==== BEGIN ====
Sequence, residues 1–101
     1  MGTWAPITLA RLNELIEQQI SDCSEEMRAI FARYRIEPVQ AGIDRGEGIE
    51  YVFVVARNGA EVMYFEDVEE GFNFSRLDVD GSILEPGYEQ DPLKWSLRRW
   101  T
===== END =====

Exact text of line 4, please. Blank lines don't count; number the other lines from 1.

   101  T